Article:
View synonyms for define


[ dih-fahyn ]

verb (used with object)

, de·fined, de·fin·ing.
  1. to state or set forth the meaning of (a word, phrase, etc.):

    They disagreed on how to define “liberal.”

  2. to explain or identify the nature or essential qualities of; describe:

    to define judicial functions.

  3. to fix or lay down clearly and definitely; specify distinctly:

    to define one's responsibilities.

    Synonyms: enumerate, detail, describe, name, state

  4. to determine or fix the boundaries or extent of:

    to define property with stakes.

  5. to make clear the outline or form of:

    The roof was boldly defined against the sky.

verb (used without object)

, de·fined, de·fin·ing.
  1. to set forth the meaning of a word, phrase, etc.; construct a definition.


/ dɪˈfaɪn /


  1. to state precisely the meaning of (words, terms, etc)
  2. to describe the nature, properties, or essential qualities of
  3. to determine the boundary or extent of
  4. often passive to delineate the form or outline of

    the shape of the tree was clearly defined by the light behind it

  5. to fix with precision; specify

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Derived Forms

  • deˈfinably, adverb
  • deˈfinable, adjective
  • deˈfiner, noun
  • deˌfinaˈbility, noun

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Other Words From

  • de·fina·ble adjective
  • de·fina·bili·ty noun
  • de·fina·bly adverb
  • de·finement noun
  • de·finer noun
  • misde·fine verb (used with object) misdefined misdefining
  • nonde·fina·bili·ty noun
  • nonde·fina·ble adjective
  • nonde·fina·bly adverb
  • nonde·fined adjective
  • nonde·finer noun
  • prede·fine verb (used with object) predefined predefining
  • rede·fine verb (used with object) redefined redefining
  • self-de·fined adjective
  • semi·de·fined adjective
  • unde·fina·ble adjective

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Word History and Origins

Origin of define1

First recorded in 1325–75; Middle English def(f)inen, from Anglo-French, Old French definer “to put an end to,” from Latin dēfīnīre ”to limit, define,“ equivalent to dē- “from, away from, out of” + fīnīre “to end”; de-, finish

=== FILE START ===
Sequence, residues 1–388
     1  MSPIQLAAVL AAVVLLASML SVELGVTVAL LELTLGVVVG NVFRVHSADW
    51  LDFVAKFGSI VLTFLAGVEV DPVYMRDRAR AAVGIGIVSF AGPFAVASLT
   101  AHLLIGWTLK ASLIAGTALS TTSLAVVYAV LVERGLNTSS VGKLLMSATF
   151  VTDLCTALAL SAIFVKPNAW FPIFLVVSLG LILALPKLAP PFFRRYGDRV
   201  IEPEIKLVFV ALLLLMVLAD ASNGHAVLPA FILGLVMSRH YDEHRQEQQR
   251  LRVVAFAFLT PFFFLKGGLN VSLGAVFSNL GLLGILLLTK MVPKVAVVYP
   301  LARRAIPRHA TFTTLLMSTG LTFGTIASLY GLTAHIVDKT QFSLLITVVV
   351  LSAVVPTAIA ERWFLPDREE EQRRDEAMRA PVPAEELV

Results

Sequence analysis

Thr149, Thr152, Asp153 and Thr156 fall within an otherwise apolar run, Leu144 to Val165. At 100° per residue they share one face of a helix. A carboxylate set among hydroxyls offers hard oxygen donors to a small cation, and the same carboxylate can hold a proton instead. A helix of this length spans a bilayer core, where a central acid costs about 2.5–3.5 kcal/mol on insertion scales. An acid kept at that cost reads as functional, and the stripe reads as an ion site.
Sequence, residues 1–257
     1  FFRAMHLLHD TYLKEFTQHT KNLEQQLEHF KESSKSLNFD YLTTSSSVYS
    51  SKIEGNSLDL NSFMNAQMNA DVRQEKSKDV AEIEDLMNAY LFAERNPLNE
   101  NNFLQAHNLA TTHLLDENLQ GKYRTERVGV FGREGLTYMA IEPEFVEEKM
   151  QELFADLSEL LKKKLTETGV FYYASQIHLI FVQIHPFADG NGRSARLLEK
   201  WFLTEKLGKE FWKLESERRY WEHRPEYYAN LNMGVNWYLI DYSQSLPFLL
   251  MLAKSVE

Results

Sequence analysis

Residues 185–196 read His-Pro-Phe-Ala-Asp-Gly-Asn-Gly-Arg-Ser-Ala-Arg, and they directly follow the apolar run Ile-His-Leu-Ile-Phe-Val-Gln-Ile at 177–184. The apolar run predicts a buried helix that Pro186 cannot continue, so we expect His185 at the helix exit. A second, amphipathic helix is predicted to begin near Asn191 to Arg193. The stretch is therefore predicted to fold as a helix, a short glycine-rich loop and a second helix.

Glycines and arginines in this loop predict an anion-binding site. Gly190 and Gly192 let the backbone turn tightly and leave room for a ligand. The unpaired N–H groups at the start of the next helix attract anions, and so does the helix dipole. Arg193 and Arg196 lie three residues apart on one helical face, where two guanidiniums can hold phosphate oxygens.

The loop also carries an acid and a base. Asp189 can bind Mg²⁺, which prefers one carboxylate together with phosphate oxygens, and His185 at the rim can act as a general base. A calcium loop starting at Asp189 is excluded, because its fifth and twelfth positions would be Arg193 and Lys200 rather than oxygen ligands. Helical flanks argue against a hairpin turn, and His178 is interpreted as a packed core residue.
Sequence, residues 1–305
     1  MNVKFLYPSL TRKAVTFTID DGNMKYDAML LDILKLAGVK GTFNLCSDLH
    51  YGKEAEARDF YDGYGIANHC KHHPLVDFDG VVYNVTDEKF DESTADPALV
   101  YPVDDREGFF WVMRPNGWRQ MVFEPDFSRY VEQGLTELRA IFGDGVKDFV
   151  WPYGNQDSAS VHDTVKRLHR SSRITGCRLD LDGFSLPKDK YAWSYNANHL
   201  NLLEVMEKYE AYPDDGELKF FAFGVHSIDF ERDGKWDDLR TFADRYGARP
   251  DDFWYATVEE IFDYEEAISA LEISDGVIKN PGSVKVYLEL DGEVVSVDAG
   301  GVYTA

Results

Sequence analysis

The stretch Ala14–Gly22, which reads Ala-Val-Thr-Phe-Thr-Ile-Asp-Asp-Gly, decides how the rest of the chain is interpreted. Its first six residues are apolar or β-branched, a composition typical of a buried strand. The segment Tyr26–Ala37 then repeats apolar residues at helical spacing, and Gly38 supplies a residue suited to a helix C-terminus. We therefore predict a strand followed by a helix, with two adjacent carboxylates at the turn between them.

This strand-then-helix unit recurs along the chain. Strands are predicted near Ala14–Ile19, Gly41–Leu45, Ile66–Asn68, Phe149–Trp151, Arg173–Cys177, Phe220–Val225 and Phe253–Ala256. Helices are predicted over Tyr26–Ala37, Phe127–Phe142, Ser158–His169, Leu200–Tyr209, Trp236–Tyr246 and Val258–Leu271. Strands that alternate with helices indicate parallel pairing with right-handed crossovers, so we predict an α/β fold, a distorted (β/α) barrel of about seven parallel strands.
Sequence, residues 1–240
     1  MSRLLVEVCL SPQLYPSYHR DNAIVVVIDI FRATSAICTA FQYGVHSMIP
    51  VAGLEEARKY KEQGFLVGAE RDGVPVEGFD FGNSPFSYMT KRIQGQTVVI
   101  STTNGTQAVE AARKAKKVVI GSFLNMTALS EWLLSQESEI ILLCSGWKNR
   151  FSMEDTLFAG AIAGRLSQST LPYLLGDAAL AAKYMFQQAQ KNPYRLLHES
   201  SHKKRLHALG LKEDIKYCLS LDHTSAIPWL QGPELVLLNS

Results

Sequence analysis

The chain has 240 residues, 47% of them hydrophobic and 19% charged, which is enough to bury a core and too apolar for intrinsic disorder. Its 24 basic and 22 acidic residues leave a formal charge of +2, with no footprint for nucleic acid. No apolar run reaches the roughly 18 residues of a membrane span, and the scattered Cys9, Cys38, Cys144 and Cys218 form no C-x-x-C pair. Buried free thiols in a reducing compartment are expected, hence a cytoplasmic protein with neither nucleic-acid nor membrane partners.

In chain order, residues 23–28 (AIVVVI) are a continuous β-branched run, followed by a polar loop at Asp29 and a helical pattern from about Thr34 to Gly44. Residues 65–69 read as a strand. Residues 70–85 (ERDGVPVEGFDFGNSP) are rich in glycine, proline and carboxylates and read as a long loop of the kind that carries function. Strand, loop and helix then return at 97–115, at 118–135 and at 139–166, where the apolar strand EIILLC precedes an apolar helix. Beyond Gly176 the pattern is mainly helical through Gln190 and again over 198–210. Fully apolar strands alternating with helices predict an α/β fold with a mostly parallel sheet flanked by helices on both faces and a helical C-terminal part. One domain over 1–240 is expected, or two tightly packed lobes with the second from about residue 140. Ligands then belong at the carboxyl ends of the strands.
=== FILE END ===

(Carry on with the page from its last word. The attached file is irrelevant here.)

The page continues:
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Word History and Origins

Origin of define1

C14: from Old French definer to determine, from Latin dēfīnīre to set bounds to, from fīnīre to finish

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Example Sentences

The appointment has yet to be announced, and the scope of the job hasn’t been fully defined yet because it’s a new position.

From Vox

Long-tail keyphrases are defined as those that are different from general keywords.

Most large stone circles in western England and Wales have clearly defined entrances, but it’s not clear that the proposed entryway at Waun Mawn served that purpose.

Ambiguous loss is not only difficult to define, but it’s also difficult to live with.

Scientists haven’t yet identified an “immune correlate of protection,” which is usually defined to be the level of antibodies in the blood at which they can feel confident that a person is going to be protected from infection.

It was something ineffable and harder to define: freedom of speech.

This was later repurposed in Europe as an explanation for racial superiority, and the term “Aryan” came to define a white race.

To define this show of support by major corporations for LGBT equality as a seachange would be no overstatement.

And I would like for this generation to define its own movement.

Modern conservatives rightly (as it were) define themselves against the culture at large; hipsters seek to do so as well.

In general, any personal property that may be sold; many of the statutes define it.

The magnitude, and variety, and demands of the objects embraced by it, define the times necessary for engaging in it.

I suppose the more experience a man has had of life the more he hesitates to define what love really is.

Cruelty is another cause, almost as general, though more difficult to define.

The terms of the covenant must, therefore, define the designed extent of the objects of his death.